Once upon a time…There was a blood curdling howl… And so the bridge was built… Aye, we're flitting…

It's National Storytelling week (26/1 - 2/2) so it's up to you fill in the blanks.

If you've ever led a guided walk, taken a group of enthusiastic pre-schoolers into the woods, given an illustrated talk, acted as a site host you'll have learnt a few facts and figures to pass on in as interesting way as possible and on the one hundred and fifty third repetition started looking at new ways to deliver that information.  And no doubt along the way concocted stories of your own or variations on ones used by other rangers.   Story telling is the oldest art form in the world, a powerful experience that's both entertaining and moving, a tool for education.  Facts imparted through stories are more likely to be remembered than those baldly presented.  National Storytelling Week aims to increase awareness of the art and value of telling a good story.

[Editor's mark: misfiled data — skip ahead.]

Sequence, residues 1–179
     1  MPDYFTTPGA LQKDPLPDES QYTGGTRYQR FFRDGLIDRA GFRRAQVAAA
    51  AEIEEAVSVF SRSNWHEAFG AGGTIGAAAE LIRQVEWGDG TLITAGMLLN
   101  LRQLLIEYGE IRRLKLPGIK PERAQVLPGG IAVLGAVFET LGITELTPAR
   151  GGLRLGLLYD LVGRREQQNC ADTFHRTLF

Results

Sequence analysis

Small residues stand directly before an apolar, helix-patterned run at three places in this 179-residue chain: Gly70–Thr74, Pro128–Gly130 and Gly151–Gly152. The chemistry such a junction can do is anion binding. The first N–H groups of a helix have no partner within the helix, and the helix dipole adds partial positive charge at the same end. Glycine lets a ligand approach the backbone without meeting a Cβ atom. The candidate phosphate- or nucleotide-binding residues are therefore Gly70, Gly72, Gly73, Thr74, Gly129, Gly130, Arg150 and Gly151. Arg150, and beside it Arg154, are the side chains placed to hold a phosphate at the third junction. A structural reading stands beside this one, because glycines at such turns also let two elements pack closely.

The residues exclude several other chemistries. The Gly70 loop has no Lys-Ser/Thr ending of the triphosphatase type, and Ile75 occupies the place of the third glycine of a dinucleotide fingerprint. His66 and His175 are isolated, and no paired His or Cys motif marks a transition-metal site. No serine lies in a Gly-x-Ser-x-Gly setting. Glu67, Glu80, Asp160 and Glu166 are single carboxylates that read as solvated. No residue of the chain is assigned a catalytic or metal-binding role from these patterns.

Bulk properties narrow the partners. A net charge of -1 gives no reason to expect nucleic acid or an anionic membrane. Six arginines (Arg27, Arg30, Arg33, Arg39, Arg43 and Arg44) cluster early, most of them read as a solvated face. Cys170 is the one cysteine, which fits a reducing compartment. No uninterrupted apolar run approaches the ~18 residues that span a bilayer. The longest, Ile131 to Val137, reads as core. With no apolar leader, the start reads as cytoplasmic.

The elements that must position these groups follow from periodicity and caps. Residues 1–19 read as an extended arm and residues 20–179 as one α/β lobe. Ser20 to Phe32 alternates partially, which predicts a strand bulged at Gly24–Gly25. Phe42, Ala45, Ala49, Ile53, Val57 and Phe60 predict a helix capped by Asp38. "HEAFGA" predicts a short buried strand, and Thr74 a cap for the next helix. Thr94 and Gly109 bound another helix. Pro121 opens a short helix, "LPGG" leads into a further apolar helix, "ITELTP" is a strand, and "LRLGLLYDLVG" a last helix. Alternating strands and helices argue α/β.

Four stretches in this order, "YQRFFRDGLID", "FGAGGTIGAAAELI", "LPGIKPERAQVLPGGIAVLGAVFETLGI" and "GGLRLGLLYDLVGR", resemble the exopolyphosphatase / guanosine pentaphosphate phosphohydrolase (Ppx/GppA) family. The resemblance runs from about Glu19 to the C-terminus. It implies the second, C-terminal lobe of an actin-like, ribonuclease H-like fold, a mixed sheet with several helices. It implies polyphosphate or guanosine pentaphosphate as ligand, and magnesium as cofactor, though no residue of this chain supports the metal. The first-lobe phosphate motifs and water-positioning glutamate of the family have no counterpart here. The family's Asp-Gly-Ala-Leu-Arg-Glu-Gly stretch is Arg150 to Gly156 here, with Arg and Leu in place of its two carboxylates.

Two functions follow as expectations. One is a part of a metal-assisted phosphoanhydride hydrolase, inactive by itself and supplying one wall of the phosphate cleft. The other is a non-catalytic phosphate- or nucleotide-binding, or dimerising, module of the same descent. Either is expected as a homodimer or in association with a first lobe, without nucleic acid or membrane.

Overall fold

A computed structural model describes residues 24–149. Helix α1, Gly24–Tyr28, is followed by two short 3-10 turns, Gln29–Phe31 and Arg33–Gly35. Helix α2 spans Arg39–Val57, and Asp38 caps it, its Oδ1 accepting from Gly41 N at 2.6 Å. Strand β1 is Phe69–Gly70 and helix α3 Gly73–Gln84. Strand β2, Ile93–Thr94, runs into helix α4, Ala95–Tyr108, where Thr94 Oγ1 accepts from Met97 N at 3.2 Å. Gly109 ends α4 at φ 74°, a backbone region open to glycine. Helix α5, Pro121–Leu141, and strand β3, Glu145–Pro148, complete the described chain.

Find out more about the Week, what's happening and to how to join in on the Society of Storytelling's website.
If you feel need of a refresher in how to deliver engagement activities, including storytelling, have a look at our Community Engagement and Environmental Education short courses list here.

The post title has snippets from local legends that Niall and I used for story telling sessions in our freelance ranger days, they're from The Gytrash of Goathland, Beggars Bridge and the Hob of Farndale - go on look them up, they're lovely stories.